ETW: Foundation - 2" Polyisocyanurate Insulation, 2x4 Framing with Cellulose

Effective Date

This construction uses 2" foil-faced polyisocynaurate insulation against the concrete foundation and a 2x4 framed wall with R-12 cellulose insulation in the stud space. The slab is insulated with 2" XPS rigid insulation under slab and the rim joist is insulated with closed cell high density spray foam insulation.

Foundation Wall

  • Free draining backfill
  • Dampproofing to grade
  • Concrete foundation wall (over a capillary break on the concrete footing)
  • 2" foil-faced polyisocyanurate rigid insulation
  • 2x4 frame wall with R-12 cellulose cavity insulation
  • Interior gypsum wall board with vapor retarder paint

Foundation Slab

  • Concrete foundation slab
  • 6 mil polyethylene vapor barrier under slab
  • 2" XPS rigid insulation under slab
  • 4” stone pad (no fines)
  • Undisturbed/ native soil

Thermal Control

This wall system has an installed insulation R-value of R-25 which is only slightly lower based on the parallel path calculation method which accounts for the wall framing assuming 24” on center. This basement combined with R-10 under the slab and R-10 thermal break results in an annual predicted heating energy loss of 15.45 MBtus.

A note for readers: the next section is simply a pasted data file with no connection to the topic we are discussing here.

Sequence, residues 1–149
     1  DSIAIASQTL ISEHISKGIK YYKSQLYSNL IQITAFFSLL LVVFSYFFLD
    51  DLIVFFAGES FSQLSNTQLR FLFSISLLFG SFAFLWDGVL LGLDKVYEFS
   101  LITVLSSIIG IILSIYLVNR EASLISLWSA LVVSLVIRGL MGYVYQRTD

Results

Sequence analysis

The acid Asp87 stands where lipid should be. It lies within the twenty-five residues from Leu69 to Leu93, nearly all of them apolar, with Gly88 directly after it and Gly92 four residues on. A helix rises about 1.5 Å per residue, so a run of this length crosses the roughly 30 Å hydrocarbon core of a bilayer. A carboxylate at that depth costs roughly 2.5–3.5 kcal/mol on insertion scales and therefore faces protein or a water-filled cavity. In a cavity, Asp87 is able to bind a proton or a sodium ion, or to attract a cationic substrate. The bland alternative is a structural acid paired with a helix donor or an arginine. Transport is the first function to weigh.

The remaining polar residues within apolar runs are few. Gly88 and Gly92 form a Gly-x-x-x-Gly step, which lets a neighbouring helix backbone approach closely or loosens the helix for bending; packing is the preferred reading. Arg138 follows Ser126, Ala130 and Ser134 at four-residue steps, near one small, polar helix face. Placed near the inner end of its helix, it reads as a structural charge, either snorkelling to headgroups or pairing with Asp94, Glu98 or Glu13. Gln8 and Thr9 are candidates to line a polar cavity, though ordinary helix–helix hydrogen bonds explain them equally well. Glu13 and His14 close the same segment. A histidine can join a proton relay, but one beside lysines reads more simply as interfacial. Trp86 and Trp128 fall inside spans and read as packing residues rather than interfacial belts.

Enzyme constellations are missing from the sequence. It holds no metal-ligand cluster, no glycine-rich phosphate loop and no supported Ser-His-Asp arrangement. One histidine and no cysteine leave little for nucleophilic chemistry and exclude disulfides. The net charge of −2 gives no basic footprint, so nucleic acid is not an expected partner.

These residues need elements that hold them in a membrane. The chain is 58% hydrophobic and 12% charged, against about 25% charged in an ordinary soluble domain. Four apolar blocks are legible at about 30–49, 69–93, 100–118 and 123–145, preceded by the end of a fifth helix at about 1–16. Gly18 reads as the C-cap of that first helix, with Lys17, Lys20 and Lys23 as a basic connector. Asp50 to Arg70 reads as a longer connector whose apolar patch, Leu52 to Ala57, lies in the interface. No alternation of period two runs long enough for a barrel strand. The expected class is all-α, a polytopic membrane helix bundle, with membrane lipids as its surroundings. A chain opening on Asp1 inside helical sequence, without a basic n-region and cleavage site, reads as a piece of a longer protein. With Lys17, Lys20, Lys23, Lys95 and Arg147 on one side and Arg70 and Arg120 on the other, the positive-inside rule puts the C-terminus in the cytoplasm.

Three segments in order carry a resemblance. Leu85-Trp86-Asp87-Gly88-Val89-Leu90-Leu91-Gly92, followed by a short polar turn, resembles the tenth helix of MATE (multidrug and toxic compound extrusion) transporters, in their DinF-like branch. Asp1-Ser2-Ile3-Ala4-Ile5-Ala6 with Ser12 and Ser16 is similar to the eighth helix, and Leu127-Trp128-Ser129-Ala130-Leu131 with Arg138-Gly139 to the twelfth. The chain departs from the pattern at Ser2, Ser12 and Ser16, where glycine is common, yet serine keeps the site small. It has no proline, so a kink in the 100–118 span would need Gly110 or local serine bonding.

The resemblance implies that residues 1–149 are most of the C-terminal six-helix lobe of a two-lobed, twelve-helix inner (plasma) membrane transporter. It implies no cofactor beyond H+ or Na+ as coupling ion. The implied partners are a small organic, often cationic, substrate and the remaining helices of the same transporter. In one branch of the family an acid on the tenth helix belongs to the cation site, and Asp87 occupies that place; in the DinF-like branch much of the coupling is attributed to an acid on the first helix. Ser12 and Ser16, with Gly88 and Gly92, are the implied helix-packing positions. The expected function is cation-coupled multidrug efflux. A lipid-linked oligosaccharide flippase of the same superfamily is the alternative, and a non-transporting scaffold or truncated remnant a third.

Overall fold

Moisture Control

The water vapor diffusion and capillary wicking are controlled by 2” of PIC insulation assuming that the PIC is well sealed to the concrete. This wall system was not hygrothermally simulated since it will not experience any moisture related issues. The foil face on the polyisocyanurate will not allow vapor diffusion from the concrete foundation, and the increased R-value of PIC compared to XPS will increase the condensation surface temperature compared to High-R Foundation 8 and High-R Foundation 14, resulting in decreased condensation potential.

Constructability and Cost

Fiberglass batt insulation could be used in the place of cellulose to decrease the cost of the assembly.

Other Considerations

High-R Foundation 8 is one of the simplest methods of minimizing the moisture risk and saving energy which also allows the basement to be finished. It is possible to use other air permeable insulations instead of cellulose including fiberglass batt or spray fiberglass. 


Mitalas, G.P., Calculation of Basement Heat Loss, National Research Council Canada.